This gapping usually falls somewhere between 0.028” and 0.06”. There are two common household objects you can use to gap your spark plug — but you’re going to need to get a little creative.
Those two objects are a penny and a dime, and their measurements are as follows:
- Penny: 0.06”
- Dime: 0.053”
If you’re looking for a spark plug gap with either of those two measurements, you don’t need a feeler gauge. But if you’re looking for a different gap, you should probably invest in a feeler gauge or a spark plug gapper.
Trying to guestimate the gap can lead to engine damage and be more of a headache than it’s worth.
If you’re feeling a little stubborn or just downright strapped for time, you can start looking around your workshop to find different tools to use. The problem is you’re going to have to look up each object individually and measure the thickness.
That’s because not every flathead screwdriver has the same thickness — and that’s the case with most objects in your garage. You’ll need to find the exact model you have, and then track down the thickness dimensions and hope it matches up with what you’re looking for.
In many cases, you’re probably better off sticking with the pre-adjusted spark plugs before trying to make adjustments based on estimations.
Making the Adjustments
The good news is that the second tool is easy to workaround. That’s the tool that you use to make the actual adjustments. Yes — that’s an actual tool, and no, you don’t need it if you have a feeler gauge.
Using a small flat-tip screwdriver or a knife, you can gently tap the electrode to achieve the desired gap. Just be sure to avoid the actual tip of the electrode, as you can easily break it by prying on it.
Using a Spark Plug Gap Tool
If you cave and buy a spark plug gapper, the next step is figuring out how to use it. The good news is that it’s not just cheap to buy, but also extremely easy to use too.
Using the gapper is simple. All you need to do is slide the spark plug electrode opening into the gap opener and gently move it over to the smallest side of the gapper. Once it hits the 0.02” area, press the electrode down until it’s flush on each end of the gapper.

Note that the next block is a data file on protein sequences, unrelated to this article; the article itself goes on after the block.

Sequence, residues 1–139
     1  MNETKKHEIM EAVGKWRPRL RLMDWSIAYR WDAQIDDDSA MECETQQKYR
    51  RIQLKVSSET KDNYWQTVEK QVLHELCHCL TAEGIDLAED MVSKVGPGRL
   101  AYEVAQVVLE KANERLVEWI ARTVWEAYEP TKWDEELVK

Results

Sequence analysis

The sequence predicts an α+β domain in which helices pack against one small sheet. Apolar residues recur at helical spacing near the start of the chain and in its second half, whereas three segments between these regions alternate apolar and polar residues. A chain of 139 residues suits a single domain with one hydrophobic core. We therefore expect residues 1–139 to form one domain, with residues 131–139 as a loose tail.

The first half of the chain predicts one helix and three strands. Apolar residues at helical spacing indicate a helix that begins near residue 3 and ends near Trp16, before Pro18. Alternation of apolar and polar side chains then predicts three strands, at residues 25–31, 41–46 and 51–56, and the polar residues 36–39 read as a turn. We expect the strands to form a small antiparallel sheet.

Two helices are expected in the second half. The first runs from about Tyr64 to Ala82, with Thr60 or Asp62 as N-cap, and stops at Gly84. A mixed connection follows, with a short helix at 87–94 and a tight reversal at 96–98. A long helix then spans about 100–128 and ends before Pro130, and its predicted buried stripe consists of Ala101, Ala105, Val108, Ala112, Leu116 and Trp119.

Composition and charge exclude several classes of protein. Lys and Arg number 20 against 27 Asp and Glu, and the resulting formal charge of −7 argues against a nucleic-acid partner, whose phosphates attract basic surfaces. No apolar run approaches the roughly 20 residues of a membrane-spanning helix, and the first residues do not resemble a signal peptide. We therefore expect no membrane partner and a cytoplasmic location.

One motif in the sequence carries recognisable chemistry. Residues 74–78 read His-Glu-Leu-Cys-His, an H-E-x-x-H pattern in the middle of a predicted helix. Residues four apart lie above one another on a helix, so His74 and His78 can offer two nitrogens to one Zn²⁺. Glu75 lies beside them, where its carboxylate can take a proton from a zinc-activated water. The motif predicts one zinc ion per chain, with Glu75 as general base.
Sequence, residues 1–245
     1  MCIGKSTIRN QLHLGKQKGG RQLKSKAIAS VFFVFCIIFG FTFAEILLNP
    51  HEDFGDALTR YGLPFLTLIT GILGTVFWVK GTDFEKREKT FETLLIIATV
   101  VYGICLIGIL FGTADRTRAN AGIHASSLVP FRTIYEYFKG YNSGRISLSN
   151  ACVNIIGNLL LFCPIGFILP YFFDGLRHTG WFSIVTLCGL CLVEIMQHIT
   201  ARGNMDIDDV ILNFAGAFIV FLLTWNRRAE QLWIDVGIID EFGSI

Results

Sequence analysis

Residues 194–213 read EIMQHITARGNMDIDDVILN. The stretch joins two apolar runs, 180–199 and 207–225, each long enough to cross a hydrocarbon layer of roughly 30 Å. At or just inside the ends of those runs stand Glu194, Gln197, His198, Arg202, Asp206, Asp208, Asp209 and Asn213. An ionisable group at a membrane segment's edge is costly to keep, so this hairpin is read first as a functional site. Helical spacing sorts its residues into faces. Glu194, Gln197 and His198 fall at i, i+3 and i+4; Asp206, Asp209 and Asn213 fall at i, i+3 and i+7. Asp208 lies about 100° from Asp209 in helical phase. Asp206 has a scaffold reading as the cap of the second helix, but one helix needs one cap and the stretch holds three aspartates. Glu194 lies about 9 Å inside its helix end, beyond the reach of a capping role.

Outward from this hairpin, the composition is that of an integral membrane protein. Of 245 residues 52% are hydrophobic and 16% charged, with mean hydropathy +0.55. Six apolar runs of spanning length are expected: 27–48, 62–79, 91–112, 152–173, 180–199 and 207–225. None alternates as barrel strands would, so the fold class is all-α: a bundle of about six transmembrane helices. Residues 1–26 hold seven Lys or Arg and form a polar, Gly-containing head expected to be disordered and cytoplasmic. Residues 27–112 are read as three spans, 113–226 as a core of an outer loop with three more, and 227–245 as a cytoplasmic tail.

Next, you’ll need to slide the spark plug around the gapper until you hit the desired thickness. Rotate the spark plug back out and you’re good to go — move onto the next spark plug and repeat.
The best part about using an actual spark plug gapper is that you don’t have to guess if the measurement is correct. We can’t say the same for household objects like pennies and dimes because they aren’t always the same thickness or uniform throughout.
It can lead to small discrepancies that can have big results on your engine performance.
Who knows, you might find that a cheap gapper is worth having around just in case you need to make any future adjustments or repairs.
When it comes to routine engine maintenance, it’s always best to have the right tools. But if you’re in a pinch and don’t have time to get the right tools, that doesn’t mean you have to throw in the towel.
With a bit of creativity and persistence, you can get the job done, even if you’re missing a tool or two. Hopefully, this guide helped you figure out the basics of spark plug gapping and how to gap spark plugs even without a gapper.
What tools do you use to gap your spark plugs when you’re in a fix? Let us know in the comments below!